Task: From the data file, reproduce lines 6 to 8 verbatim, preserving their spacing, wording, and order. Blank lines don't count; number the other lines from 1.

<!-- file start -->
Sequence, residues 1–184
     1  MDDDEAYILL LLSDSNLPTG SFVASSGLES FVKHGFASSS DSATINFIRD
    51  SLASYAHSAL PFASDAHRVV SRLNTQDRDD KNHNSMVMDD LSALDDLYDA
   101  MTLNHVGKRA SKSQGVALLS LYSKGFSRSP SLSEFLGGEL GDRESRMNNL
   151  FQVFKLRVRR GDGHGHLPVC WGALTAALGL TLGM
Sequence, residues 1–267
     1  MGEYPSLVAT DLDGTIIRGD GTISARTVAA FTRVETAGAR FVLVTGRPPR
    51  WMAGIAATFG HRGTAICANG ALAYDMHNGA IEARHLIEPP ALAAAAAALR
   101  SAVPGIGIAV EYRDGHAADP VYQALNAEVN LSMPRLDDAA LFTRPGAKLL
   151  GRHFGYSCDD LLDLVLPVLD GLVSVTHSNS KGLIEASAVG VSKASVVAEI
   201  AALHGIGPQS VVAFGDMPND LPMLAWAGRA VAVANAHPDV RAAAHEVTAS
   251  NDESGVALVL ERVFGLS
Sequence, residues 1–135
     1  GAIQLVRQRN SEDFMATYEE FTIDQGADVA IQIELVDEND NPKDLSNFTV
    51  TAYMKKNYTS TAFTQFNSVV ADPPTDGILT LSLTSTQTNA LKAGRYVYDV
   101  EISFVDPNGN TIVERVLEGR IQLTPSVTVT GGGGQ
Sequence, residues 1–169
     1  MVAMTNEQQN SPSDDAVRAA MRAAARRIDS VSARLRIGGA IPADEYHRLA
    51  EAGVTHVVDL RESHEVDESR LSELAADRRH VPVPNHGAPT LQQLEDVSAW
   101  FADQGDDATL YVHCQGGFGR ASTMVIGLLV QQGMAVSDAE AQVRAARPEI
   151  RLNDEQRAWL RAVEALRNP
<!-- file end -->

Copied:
Sequence, residues 1–267
     1  MGEYPSLVAT DLDGTIIRGD GTISARTVAA FTRVETAGAR FVLVTGRPPR
    51  WMAGIAATFG HRGTAICANG ALAYDMHNGA IEARHLIEPP ALAAAAAALR